Photo by Marvel Studios/Disney
Hit play below to listen to our extended Arts Alive feature with Ludwig Göransson discussing his score to Black Panther.
Ludwig Göransson has come a long way since his days of listening to Metallica and playing guitar while growing up in Sweden. He fell in love with film music in high school, and—after studying jazz guitar at the Royal College of Music in Stockholm—he was accepted into the film scoring program at USC. There he became friends with a young filmmaker named Ryan Coogler, who asked Göransson to score his short film, Locks. When Coogler got a chance to direct his first feature in 2013, Fruitvale Station, he brought Göransson along for the ride. The film caught fire at festivals and was praised by critics, and it established Coogler as a powerful new voice in Hollywood.
Coogler’s next film was Creed, which continued the story of Sylvester Stallone’s famous character Rocky, by focusing on the young son of his old opponent and friend, Apollo Creed. It gave Göransson an opportunity to write big, orchestral, thematic movie music—but he also wove in the musical language of its young, black characters. He comes by hip-hop honestly, as a regular performer, songwriter, and producer with the rapper Childish Gambino. (Their song “Redbone” was nominated for a Grammy last month.)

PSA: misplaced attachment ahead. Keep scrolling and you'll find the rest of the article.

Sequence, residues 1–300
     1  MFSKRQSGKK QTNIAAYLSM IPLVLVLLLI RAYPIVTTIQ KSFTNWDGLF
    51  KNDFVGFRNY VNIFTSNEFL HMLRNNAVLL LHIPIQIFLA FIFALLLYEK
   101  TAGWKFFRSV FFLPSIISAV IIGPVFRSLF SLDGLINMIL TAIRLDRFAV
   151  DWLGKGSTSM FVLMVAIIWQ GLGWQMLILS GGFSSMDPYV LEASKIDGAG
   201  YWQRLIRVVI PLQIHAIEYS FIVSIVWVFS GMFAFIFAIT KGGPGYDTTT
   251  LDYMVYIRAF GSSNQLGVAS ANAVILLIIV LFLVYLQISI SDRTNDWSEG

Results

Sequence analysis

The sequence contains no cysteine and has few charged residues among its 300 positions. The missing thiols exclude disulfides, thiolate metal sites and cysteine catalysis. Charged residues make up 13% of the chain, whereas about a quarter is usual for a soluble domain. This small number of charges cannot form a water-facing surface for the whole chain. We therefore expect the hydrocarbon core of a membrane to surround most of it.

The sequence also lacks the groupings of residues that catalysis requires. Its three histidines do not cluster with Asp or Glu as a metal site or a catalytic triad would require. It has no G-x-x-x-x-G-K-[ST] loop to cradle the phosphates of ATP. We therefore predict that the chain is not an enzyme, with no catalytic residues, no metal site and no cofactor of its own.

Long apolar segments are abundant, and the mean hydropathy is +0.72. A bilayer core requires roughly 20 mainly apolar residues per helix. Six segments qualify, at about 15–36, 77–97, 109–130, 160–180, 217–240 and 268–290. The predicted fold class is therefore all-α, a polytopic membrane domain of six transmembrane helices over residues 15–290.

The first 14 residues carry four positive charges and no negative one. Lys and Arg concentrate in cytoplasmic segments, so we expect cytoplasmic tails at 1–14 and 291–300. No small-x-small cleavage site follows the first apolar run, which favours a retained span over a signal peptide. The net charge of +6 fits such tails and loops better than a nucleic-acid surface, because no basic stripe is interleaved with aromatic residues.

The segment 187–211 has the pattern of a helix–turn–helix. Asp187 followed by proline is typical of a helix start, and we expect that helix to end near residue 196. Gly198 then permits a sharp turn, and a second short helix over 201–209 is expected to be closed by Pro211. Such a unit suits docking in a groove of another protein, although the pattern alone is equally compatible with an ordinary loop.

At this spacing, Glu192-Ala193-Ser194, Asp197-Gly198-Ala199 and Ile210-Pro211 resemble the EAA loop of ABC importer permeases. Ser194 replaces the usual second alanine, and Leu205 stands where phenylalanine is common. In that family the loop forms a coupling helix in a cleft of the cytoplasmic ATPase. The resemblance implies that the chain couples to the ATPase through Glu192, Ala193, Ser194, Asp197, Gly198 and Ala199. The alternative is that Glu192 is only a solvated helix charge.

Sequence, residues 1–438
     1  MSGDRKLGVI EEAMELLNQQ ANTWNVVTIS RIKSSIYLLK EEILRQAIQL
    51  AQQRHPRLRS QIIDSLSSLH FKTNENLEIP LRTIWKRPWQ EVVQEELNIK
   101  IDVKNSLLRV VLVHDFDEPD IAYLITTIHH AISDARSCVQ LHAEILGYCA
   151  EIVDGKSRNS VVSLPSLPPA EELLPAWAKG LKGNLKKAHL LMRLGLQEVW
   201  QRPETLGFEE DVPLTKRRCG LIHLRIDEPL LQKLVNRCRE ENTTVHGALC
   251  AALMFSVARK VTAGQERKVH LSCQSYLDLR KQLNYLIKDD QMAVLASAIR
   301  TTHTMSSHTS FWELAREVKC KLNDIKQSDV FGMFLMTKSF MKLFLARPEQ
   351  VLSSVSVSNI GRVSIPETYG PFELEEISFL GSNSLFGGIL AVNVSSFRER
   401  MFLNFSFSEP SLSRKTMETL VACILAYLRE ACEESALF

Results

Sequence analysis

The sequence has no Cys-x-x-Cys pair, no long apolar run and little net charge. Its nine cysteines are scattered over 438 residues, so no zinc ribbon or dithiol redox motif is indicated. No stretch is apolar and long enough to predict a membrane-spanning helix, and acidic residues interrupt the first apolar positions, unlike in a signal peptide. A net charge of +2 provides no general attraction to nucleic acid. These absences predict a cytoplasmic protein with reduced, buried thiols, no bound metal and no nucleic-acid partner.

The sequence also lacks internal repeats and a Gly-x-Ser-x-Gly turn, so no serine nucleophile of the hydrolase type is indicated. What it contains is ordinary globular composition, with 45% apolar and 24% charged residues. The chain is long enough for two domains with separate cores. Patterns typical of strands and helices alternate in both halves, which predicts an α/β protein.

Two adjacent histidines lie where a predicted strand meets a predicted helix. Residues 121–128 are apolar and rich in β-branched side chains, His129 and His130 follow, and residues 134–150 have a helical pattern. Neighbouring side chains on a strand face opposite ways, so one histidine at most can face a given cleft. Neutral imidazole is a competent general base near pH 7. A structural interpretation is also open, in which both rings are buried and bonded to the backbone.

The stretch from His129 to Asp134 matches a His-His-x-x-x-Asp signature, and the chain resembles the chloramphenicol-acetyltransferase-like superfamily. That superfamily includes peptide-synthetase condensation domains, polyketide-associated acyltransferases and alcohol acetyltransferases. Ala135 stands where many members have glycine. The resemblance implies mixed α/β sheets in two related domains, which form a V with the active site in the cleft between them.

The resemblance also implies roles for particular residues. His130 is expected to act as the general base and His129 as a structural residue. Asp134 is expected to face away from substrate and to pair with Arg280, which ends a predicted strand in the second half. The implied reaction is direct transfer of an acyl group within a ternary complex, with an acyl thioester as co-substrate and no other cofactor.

Composer Ludwig Göransson with KUSC’s Tim Greiving
Black Panther is Göransson’s biggest canvas yet. It’s a giant action-adventure superhero movie, with huge fight scenes and urban car chases. Most of it is set in the fictional African country of Wakanda, which is built with stunning futuristic technology. The score is full of big themes, African musical traditions, and even more hip-hop. If you weren’t aware of Ludwig Göransson before, you sure are now.